Image - statue of Cicero
Image - statue of Cicero
Image - statue of Cicero

The Founders' First Principles: Learning from the Greeks and Romans

Join us for a virtual conversation with Pulitzer Prize-winning journalist Thomas Ricks to discuss four founding fathers, their educations and, in particular, their devotion to the ancient Greek and Roman classics—and how that influence would shape their ideals and the new American nation.

Ricks, provoked by the 2016 presidential election, awoke the next morning wondering what kind of nation we had now. He decided to go back and read the philosophy and literature that shaped the founders’ thinking, and the letters they wrote to each other debating classics like The Iliad, Plutarch’s Lives, and the works of Xenophon, Epicurus, Aristotle, Cato and Cicero. Ricks creates fresh portraits of the presidents we thought we knew by showing that Washington absorbed the classics mainly from the elite culture of his day, Adams from the laws and rhetoric of Rome, Jefferson from classical philosophy, especially Epicureanism, and Madison from his years studying the ancient world like a political scientist.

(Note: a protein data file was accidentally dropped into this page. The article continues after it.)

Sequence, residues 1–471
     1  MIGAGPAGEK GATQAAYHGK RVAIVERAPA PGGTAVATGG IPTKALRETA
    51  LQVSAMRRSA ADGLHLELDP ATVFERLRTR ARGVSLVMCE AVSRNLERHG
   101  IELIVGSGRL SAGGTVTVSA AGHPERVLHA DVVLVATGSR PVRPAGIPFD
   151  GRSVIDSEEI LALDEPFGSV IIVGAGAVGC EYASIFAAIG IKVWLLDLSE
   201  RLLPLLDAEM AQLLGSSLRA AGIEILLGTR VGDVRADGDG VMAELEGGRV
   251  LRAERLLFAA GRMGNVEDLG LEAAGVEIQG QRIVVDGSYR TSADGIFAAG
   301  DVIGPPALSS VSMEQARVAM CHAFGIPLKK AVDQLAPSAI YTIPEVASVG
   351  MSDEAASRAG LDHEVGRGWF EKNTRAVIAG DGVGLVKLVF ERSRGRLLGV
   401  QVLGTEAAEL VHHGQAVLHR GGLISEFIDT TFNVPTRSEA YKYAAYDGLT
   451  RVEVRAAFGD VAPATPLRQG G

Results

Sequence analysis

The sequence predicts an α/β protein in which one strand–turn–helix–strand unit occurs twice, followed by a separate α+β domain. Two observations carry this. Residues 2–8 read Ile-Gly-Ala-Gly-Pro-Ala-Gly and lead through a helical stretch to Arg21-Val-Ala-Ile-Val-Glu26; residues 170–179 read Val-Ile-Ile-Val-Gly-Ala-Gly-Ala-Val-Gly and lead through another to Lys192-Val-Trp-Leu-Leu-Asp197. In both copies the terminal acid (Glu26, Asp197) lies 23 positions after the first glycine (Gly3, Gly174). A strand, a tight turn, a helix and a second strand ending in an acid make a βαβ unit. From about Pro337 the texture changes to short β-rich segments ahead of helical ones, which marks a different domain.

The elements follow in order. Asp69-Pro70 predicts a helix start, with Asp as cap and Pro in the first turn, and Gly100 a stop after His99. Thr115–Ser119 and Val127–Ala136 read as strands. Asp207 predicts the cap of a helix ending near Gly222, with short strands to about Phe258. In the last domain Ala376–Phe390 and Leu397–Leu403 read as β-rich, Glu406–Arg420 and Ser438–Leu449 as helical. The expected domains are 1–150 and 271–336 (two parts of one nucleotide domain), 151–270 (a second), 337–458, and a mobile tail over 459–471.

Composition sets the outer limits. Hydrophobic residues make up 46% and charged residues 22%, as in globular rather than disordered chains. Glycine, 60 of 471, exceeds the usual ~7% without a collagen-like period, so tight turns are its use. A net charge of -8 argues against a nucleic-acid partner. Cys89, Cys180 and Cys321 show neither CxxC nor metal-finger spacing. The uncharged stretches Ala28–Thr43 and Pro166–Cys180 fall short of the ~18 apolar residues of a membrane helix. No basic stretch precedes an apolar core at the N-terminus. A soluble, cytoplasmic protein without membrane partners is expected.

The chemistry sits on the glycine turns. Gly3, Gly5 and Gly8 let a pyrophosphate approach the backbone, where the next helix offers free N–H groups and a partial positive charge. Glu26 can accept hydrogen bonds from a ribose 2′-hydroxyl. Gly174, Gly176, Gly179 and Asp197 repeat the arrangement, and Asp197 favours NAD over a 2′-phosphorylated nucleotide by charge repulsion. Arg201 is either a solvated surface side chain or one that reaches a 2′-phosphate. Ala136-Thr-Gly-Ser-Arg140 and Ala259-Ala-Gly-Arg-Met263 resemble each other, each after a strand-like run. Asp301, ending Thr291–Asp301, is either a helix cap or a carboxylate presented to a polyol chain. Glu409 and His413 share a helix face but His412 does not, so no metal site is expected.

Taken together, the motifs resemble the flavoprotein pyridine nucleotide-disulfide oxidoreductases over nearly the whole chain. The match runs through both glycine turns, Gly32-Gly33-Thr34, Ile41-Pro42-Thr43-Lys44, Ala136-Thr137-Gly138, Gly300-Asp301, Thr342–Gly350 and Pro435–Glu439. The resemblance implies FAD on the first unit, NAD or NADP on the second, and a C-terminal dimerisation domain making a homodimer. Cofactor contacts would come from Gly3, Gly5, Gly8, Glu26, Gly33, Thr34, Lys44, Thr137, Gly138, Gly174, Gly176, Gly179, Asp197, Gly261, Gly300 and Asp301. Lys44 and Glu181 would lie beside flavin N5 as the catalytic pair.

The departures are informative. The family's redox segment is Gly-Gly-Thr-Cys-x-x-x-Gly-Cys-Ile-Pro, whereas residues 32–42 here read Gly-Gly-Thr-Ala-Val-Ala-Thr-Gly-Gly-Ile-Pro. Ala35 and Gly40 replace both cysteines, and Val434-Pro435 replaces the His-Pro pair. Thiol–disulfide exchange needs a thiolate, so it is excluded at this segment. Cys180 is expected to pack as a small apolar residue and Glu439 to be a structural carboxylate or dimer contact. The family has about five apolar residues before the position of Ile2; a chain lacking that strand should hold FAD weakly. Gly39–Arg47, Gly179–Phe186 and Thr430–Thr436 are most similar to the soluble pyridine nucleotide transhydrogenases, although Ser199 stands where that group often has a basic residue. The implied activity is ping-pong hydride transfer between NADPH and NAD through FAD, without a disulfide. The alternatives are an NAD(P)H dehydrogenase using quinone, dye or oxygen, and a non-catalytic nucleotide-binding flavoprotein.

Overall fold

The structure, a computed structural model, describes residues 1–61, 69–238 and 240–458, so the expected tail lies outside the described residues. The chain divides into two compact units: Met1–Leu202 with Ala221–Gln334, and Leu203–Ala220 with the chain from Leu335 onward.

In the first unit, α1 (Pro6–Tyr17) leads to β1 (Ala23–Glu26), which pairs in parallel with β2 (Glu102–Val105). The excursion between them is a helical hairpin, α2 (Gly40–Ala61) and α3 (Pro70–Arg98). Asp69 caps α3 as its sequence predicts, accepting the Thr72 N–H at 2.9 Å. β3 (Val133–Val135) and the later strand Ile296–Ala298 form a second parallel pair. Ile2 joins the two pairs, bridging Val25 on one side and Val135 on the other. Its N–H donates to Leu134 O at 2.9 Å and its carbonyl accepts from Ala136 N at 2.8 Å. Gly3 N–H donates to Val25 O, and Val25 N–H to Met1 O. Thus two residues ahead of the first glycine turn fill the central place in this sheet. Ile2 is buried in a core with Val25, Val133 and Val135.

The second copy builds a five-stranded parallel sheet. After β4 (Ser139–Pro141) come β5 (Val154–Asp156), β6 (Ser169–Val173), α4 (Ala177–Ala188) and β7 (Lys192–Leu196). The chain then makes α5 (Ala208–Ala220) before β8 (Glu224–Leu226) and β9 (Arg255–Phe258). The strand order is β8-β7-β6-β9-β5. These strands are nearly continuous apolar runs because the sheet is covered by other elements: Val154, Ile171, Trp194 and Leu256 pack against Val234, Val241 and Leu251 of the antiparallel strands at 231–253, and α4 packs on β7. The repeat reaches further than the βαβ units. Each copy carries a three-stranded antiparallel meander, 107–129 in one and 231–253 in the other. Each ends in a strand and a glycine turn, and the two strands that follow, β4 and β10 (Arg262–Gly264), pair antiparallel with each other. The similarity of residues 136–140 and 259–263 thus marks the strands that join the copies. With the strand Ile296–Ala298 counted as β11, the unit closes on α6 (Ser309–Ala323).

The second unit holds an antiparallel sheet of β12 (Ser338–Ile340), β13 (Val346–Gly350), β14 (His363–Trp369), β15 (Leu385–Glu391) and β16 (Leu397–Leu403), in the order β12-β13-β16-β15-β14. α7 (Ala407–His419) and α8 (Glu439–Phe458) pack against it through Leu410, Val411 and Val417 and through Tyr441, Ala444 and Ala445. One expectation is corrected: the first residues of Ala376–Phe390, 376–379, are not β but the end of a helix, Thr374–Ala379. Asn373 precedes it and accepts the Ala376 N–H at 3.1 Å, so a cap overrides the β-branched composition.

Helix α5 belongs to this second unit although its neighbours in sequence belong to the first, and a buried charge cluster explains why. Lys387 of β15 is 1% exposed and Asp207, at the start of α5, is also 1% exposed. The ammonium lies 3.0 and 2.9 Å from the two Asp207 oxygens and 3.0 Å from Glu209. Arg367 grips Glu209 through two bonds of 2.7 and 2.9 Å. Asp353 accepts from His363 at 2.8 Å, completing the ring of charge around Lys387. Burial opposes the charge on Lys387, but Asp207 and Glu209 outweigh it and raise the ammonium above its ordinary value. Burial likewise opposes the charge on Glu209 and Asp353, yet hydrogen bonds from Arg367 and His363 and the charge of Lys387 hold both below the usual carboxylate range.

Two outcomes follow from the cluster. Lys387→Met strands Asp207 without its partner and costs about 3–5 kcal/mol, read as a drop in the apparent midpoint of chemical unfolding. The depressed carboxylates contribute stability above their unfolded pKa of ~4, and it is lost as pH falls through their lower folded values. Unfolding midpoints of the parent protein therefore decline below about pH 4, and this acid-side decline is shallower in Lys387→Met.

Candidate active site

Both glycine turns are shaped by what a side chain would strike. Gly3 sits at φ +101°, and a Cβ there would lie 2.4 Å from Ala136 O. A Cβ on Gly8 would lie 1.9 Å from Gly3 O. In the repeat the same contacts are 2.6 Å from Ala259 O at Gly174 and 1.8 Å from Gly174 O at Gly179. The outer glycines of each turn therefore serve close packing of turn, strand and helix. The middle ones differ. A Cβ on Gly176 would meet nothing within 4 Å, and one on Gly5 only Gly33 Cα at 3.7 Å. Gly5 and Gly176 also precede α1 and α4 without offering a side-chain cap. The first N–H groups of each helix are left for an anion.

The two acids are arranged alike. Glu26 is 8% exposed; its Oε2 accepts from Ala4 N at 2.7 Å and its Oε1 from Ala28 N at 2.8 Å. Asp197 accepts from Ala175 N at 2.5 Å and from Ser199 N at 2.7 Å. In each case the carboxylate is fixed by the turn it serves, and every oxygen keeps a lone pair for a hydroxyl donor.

First Principles follows these four from their youth on, as they grapple with questions of independence, and forming and keeping a new nation. But Ricks not only interprets the effect of the ancient world on each president, and how that shaped our constitution and government, he also offers us a startling contrast with our leaders today, reinforcing the currently overlooked idea that learning from history is more socially productive than canceling it.


George Hammond


MLF: Humanities

This program contains EXPLICIT language 

Image - Thomas Ricks
Thomas Ricks
Journalist, The Washington Post and The Wall Street Journal; Author, First Principles: What America's Founders Learned from the Greeks and Romans and How That Shaped Our Country
Image - George Hammond
In Conversation with George Hammond
Author, Conversations With Socrates